FAQ: Does the style of glass actually matter when I’m serving wine?
Answer: Yes, in that the shape and size if your glass certainly has an effect on the wine inside it. But this doesn’t mean you need to spend a fortune on pure crystal glasses either!
(Feel free to skip ahead to the summary at the end)
Glass Aspects to Consider:
- Stem or no stem? If a wine glass has a stem, this should be the part you hold. Handling your glass by the stem not only prevents unsightly finger smudges from clouding up your glass, but also keeps the heat from your hands from warming up your wine. So wines that should have a glass with a stem would be whites and sparkling (both of which are served cold). Red wines which are meant to be served at room temperature (=50-65 °F or 10-18 °C) are really the best candidates to be served in glasses without stems.
- Wide or narrow? Think of a tall and skinny champagne flute versus a wide and shallow glass. Flutes, the tall skinny glasses, should be what holds your bubbly wines. This keeps them sparkly for much longer because bubbles have much more wine to pass through on their way to the surface. Wide glasses, instead, are better for red wines because they offer much more air contact via the wider surface and reds benefit from this aeration while their white wine colleagues usually don’t. White wines typically do better in glasses which become more narrow at the top (second glass from the left in picture above).
- Big or small? Shot glass sized or big enough for a fly to swim laps in? Typically after dinner drinks are served in smaller glasses, partially due to the smaller portion consumed and partially to concentrate the aromas in the glass when drinking them. Bigger glasses are generally better for non-fortified reds, which can stand to be sipped slowly, and medium to big glasses are also best for non-fortified whites. The smaller sized glass (third from the left in the picture above) are perfect for tastings, because they are great for exploring the aromas in a small portion of a wine.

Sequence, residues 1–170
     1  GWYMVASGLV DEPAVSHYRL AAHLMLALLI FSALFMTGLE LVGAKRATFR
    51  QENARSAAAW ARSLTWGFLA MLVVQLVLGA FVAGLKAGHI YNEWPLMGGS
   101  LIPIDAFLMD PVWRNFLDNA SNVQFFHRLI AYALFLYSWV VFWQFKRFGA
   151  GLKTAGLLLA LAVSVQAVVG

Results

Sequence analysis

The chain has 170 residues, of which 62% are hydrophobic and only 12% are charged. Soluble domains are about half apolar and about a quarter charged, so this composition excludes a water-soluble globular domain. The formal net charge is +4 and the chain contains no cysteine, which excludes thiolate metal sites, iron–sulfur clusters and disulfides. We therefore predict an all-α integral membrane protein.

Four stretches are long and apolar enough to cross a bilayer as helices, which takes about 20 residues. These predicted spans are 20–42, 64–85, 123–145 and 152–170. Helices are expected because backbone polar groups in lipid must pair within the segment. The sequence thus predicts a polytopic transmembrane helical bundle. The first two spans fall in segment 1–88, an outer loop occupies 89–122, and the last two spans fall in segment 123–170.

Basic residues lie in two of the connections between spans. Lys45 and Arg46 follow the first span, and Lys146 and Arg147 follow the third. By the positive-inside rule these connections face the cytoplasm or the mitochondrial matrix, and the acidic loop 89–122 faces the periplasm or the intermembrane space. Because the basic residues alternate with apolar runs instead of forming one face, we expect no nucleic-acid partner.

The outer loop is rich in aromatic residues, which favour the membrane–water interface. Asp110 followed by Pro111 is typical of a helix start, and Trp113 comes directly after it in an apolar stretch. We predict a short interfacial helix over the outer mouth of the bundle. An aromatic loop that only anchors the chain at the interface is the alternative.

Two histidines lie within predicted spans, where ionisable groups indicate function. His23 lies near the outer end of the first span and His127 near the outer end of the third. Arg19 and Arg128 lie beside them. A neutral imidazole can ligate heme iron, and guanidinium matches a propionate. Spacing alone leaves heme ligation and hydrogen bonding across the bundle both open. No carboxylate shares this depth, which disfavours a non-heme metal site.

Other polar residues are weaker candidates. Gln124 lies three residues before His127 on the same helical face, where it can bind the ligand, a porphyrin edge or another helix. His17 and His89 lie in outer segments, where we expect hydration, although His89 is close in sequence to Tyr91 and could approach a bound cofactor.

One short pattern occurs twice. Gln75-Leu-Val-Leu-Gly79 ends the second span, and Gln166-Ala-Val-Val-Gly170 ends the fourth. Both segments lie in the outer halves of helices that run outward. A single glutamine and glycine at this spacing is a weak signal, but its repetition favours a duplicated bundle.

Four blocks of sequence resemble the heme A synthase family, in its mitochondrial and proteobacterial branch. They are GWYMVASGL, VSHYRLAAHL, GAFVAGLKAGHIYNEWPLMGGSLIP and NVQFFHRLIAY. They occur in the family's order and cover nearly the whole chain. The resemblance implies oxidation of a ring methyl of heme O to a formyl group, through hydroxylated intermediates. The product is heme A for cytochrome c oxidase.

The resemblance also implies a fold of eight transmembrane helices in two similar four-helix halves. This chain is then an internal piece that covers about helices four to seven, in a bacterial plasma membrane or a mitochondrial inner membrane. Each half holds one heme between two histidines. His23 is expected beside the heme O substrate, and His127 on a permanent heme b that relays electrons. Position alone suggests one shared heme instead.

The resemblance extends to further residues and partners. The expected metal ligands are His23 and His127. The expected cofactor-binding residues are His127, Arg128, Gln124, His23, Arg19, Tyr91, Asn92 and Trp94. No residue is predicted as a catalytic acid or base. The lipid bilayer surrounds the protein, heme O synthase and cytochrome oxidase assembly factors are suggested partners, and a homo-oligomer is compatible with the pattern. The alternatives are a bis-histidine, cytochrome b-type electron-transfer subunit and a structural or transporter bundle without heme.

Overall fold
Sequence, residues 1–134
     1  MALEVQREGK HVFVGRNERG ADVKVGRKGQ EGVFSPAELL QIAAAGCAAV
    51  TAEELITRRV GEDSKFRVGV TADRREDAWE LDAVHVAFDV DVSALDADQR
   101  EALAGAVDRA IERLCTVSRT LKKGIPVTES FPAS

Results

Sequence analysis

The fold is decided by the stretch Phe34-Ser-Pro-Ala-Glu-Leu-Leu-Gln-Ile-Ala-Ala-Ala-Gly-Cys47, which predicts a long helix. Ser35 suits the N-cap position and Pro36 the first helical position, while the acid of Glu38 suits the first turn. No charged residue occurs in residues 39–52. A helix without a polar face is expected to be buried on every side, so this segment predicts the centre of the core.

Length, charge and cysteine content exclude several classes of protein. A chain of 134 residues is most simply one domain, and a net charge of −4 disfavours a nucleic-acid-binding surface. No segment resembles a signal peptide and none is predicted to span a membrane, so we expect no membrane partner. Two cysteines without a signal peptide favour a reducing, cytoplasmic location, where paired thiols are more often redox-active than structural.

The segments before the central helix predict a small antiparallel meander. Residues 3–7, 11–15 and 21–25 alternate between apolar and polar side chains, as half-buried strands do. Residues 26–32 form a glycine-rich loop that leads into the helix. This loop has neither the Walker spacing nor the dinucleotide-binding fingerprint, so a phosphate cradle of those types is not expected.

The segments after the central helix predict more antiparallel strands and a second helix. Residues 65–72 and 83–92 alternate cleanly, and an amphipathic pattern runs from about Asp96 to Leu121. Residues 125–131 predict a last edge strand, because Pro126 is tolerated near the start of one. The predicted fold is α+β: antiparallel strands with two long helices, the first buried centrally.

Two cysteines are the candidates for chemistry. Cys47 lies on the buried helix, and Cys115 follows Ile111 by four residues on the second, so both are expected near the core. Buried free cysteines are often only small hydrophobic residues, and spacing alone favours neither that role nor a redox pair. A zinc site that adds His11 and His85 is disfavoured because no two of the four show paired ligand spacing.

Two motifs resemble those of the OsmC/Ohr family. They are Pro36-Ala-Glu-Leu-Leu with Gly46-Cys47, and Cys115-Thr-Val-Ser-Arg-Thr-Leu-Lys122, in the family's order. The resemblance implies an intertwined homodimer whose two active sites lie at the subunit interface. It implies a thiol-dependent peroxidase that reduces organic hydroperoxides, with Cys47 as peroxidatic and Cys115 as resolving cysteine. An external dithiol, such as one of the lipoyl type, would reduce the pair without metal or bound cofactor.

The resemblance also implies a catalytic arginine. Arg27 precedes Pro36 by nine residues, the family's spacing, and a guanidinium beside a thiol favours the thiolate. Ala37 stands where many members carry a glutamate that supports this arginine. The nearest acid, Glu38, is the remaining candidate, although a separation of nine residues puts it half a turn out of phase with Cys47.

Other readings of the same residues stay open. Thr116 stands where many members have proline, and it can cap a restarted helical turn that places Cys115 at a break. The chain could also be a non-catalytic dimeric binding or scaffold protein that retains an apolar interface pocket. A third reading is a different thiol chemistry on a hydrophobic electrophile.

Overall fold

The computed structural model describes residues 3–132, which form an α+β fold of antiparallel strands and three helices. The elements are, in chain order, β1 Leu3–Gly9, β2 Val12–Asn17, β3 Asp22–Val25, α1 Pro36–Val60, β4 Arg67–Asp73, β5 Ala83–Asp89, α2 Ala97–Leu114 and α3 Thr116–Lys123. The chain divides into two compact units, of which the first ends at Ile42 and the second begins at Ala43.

Other Aspects to Consider:
- Do you wash your glasses by hand or in a dishwasher? Dishwashers are more likely to break fragile crystal glassware, so if you have an aversion to washing individual glasses by hand you should consider non-crystal glasses and/or ones without stems.
- Do you have somewhere safe to keep glasses? In other words, do you have to shove them in the same cabinet where you get your morning coffee mug? Do you have cabinets that are out of reach of the curious hands of children? If you don’t have a particularly safe spot for glasses, stick with less expensive glassware as opposed to costly crystal.
- Do you typically drink only a few types of wines? If you usually drink still reds or whites and occasionally some sparkling wine, you probably need to only invest in 2 types of glasses: the flute and a standard wine glass (see below). If you drink a large variety of wines, from sweet to fortified to usual reds, you might consider actually getting more than just the 2 aforementioned types.
Tired of reading? Let’s just summarize:
- Amarone della Valpolicella, Chianti Classico Riserva, Barbera d’Alba, Cesanese di Piglio, Montefalco Sangrantino, etc
Wider Glass With Stem – Fuller or Fullish Bodied Whites or Reds
- Verdicchio dei Castelli di Jesi, Orvieto Classico Superiore, some international varieties made in Italy like Viognier and oaked Chardonnay, Chianti, Brunello di Montalcino, Barolo, Primitivo.
- Franciacorta, Spumante Asti, Prosecco di Valdobbiadene, Trento Metodo Classico
Small Glasses – Wine Tasting Portions, Fortified Wines, Dessert Wines
- Picolit, Moscato, Vin Santo, Marsala, any wine with “Passito” in the name like Falesco Passirò passito, wines with “Vendemmia Tardiva” or “VT” in the name like Umbria IGT La Palazzola Vendemmia Tardiva or Castello dei Rampolla Trebianco V.T.
- Chianti, Valpolicella, Nebbiolo IGT, Soave, Pinot Grigio, Friulano, Falanghina, etc.